Comprehensive Nuclear-Test-Ban Treaty, are no longer acceptable -- they remain a set of useful
benchmarks for gauging progress in achieving the NPT's disarmament goals and thereby
promoting accountability.

The various treaty review processes also offer rules and procedures for debate and dispute
resolution -- together, they provide a vehicle for the candid expression of views about the
operation of the respective regimes, and in so doing, they offer a useful basis for assessing the
health of the underlying norms of those regimes. There is no question, for example, that many of
the States parties to the NPT have doubts about the readiness of the nuclear-weapon states to
live up to their disarmament commitments. By serving as a forum for debate, the NPT review
process has helped to address some of these concerns by leading to a consensus on new
measures to strengthen accountability. This process is more vital than ever, given that the treaty
-- unlike the Chemical Weapons Convention or the still-pending Comprehensive Nuclear-Test-
Ban Treaty -- lacks its own implementing organization. These debates have also generated new
information, such as a thoughtful study circulated at the 2000 Review Conference by the British
Government on the challenges of verifying disarmament commitments and of accounting for
past production of plutonium. Non-nuclear-weapon states have also used this forum to voice
their concerns about the need to strengthen security assurances against the use of nuclear
weapons against such states.

Perhaps the weakest area of the rule of law now concerns the issue of enforcement. It is a
truism that international law lacks the police functions that are found in domestic legal systems --
it is instead a system that still relies largely upon self-help when it comes to enforcement. The
ability of the UN Security Council to perform its enforcement responsibilities under the Charter is
limited by its need to operate in consensus and by its practical inability to order enforcement
actions -- especially involving the use of military force -- against one of its permanent members.

Yet the price for the past violations of global norms pertaining to weapons of mass destruction
has nevertheless been considerable, as attested by the consequences for Iraq of its invasion of
Kuwait and its violation of the NPT. The price for the DPRK's safeguards violations was the

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freezing of its domestic nuclear programme as part of a commitment to eliminate specific
weapons-related facilities before receiving proliferation-resistant, light-water reactors. While the
two cases are unique and offer no model for resolving future enforcement problems, they do at
least show how the international community can come together to enforce global norms within
an agreed legal framework.

Where relevant treaty commitments do not exist, however, it becomes much more difficult to
mobilize multilateral support to enforce global norms. This was most apparent in the world
community's inconsistent reactions to the Indian and Pakistani nuclear tests in 1998. While the
UN Security Council unanimously condemned the tests in Resolution 1172, there has been a
significant flow of arms into that region ever since, and those countries that did impose sanctions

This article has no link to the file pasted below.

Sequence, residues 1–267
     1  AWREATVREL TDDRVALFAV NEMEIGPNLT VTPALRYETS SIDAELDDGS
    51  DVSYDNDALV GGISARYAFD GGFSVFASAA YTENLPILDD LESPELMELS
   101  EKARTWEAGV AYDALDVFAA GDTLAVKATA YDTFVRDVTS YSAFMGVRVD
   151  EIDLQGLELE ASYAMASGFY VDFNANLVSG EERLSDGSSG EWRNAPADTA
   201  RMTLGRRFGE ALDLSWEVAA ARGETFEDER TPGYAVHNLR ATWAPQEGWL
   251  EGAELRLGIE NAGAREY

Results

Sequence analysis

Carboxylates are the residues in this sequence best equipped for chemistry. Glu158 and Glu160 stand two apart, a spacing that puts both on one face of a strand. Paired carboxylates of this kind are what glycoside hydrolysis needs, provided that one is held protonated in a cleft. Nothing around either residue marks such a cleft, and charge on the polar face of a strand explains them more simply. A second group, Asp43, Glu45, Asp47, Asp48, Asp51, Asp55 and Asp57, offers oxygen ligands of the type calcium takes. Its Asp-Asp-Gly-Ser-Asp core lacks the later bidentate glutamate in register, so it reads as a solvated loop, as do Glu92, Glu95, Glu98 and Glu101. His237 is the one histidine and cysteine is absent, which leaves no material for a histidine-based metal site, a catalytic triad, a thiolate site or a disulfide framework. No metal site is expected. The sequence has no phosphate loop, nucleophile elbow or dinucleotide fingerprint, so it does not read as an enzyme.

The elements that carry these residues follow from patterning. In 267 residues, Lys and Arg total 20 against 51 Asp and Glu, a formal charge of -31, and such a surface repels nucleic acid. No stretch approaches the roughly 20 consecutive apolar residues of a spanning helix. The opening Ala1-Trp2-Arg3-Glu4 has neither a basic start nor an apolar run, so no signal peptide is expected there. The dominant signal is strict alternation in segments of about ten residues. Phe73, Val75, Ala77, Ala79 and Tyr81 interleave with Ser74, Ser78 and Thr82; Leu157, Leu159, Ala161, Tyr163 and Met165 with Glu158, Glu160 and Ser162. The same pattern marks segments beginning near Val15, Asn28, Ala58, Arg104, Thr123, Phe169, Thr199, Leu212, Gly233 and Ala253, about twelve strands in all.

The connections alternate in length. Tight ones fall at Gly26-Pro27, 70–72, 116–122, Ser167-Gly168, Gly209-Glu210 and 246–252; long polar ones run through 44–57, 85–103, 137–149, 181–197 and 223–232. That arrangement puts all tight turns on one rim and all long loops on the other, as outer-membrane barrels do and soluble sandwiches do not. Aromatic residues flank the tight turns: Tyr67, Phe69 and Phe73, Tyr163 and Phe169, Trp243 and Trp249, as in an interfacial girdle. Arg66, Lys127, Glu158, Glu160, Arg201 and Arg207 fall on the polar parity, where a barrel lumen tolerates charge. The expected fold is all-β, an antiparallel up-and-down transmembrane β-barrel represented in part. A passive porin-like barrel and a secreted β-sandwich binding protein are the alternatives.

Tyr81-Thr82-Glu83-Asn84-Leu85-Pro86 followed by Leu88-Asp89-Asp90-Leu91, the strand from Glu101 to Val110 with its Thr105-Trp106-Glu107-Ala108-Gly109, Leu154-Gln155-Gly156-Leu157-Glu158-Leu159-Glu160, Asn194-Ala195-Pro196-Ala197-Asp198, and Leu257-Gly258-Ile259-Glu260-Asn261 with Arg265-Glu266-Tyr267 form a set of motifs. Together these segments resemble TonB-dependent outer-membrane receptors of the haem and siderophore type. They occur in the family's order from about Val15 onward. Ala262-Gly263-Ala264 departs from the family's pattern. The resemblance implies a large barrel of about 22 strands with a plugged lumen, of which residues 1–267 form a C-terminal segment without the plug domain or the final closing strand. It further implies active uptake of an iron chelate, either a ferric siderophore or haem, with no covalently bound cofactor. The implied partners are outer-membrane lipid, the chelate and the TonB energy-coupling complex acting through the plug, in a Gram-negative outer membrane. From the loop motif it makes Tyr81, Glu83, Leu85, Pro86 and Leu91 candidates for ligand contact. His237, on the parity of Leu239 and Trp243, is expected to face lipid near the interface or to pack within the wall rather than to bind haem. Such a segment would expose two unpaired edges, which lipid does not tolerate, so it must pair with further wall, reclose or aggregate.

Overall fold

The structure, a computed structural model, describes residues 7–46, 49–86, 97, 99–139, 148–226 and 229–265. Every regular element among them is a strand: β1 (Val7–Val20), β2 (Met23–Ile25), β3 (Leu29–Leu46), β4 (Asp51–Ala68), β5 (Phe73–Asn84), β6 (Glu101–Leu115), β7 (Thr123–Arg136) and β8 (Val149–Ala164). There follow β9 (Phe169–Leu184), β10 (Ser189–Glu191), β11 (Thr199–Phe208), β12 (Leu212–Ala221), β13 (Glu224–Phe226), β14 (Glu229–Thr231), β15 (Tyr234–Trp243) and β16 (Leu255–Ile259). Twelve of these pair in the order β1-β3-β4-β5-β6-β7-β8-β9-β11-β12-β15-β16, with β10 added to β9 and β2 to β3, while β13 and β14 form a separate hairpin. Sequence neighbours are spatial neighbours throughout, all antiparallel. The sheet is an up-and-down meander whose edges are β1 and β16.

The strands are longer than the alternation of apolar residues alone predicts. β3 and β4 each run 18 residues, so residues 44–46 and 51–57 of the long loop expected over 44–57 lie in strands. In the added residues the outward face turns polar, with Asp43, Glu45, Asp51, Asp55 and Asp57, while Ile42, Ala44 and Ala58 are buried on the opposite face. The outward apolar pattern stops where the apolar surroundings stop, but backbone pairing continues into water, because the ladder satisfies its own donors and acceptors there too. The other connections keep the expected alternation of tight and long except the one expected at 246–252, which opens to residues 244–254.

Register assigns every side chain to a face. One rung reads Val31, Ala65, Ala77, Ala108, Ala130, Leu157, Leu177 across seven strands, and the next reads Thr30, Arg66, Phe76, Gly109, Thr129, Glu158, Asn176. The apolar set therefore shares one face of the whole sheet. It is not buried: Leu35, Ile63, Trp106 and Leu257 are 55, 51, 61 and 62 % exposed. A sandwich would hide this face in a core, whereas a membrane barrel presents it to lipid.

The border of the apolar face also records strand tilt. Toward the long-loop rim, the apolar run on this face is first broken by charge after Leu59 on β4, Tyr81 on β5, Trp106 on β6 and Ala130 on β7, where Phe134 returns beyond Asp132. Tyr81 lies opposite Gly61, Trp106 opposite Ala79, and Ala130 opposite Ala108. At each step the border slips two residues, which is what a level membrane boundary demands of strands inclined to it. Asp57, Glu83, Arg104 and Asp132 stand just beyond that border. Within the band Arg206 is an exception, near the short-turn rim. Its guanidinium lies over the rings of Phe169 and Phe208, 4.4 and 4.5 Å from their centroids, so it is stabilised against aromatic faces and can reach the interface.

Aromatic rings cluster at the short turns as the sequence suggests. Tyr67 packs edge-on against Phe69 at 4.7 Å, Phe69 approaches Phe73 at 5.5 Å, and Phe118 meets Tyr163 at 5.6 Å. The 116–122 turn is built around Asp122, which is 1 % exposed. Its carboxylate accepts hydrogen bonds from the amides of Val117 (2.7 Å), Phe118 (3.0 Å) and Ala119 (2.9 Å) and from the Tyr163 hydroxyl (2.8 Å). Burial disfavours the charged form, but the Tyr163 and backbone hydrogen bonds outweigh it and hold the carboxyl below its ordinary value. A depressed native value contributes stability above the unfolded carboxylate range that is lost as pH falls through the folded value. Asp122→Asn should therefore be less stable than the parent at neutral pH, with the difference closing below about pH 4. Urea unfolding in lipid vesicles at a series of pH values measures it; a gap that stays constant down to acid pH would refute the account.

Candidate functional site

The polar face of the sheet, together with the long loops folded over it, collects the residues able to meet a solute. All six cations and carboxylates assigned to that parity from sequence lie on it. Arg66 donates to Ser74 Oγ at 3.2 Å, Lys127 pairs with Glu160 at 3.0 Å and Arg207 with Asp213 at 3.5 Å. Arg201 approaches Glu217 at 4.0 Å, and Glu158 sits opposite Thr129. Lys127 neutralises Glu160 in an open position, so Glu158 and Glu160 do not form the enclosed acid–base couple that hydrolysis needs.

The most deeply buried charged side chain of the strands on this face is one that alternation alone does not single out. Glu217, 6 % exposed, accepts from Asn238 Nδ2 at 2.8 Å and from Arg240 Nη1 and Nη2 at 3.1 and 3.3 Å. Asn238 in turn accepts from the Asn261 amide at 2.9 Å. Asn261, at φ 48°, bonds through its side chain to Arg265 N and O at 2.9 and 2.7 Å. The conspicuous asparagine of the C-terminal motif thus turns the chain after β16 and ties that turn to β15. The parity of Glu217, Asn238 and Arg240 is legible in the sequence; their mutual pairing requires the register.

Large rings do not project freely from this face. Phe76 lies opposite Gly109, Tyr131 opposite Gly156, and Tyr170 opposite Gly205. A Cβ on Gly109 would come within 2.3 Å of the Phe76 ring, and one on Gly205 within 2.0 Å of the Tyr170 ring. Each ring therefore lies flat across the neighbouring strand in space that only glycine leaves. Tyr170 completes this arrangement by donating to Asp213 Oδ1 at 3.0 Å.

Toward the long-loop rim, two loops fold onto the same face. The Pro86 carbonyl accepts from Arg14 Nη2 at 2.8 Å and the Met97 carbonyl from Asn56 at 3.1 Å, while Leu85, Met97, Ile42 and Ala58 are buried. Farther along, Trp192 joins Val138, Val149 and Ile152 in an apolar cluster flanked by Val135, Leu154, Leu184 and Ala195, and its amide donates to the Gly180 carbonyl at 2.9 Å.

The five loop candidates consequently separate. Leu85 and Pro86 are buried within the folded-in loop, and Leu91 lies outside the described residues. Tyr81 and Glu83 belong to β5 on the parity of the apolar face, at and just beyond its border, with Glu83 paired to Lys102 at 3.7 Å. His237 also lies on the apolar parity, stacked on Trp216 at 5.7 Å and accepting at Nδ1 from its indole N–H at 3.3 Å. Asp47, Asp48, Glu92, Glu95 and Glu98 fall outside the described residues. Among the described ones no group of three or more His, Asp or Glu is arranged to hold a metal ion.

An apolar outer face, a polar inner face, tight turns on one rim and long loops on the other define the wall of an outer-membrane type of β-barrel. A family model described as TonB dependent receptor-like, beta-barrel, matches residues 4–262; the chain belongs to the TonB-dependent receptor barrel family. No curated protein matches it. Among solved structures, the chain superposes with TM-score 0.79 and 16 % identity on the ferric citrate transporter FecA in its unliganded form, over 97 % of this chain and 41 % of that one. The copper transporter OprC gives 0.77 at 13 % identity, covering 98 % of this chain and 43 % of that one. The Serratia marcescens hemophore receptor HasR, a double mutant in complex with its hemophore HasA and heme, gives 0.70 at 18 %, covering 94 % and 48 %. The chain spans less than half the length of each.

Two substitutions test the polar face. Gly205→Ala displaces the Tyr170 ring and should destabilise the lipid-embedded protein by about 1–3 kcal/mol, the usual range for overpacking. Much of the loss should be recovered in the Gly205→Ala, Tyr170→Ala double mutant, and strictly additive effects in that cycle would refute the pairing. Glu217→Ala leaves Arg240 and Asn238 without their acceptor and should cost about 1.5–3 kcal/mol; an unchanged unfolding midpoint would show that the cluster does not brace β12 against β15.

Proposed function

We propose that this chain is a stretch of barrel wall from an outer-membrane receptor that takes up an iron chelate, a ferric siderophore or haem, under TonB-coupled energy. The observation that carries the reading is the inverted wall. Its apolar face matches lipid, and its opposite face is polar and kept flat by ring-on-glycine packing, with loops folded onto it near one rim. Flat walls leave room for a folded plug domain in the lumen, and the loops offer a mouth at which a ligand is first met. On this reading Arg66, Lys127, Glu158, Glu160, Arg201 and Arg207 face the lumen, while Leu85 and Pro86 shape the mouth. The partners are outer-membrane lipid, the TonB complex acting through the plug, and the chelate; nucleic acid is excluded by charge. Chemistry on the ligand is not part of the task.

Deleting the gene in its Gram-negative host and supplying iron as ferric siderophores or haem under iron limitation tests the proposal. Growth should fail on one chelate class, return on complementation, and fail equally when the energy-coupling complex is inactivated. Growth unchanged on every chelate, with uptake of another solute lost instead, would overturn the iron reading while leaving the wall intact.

following the tests have now largely lifted them.

I have now discussed just a few of the many ways that the rule of law serves the security
interests of all members of international society. It is good to remember, however, that people
represent the ultimate units of this society. It was, for example, the "peoples of the United
Nations" who resolved in 1946 to create the Charter of that great organization. Let us not forget
that the decisions to manufacture or to use weapons of mass destruction are made by people,
and that the consequences of the use of the weapons fall indiscriminately upon all people -- in a
poignant demonstration indeed of the "majestic equality" of the effects of such weapons. We
must also not forget the untold thousands of human deaths and illnesses caused by radioactive
and other toxic materials associated with the manufacture or testing of such weapons, and the
                                                                                           7
hazards such materials have added to our natural environment.

Consistent with this new people-centered dimension of disarmament, the states parties to the
BWC, CWC, and NPT have in recent years been making some progress in opening up their
deliberations to various forms of participation by non-governmental groups and individuals -- this
openness helps in building the public support that is so essential in maintaining the legal norms
of these treaty regimes.

Other developments offer hope for further progress in bringing democracy to disarmament. In
the year 2000, several significant events took place at the United Nations to commemorate the
new millennium, including the first-ever gathering of the presiding officers of the world's national
parliaments. These parliamentarians met at the UN from 30 August to 1 September and issued
by consensus a Declaration affirming their resolve to introduce, in their words, "a more
manifestly democratic dimension into international decision-making and cooperation." They also
stressed that "the principle according to which no one is above the law and all are equal before it
must also hold true for relations between sovereign States." They specifically stressed that
States must ensure that their conduct "conforms to international law, especially human rights
and international humanitarian law." And quite appropriately, they also called for the elimination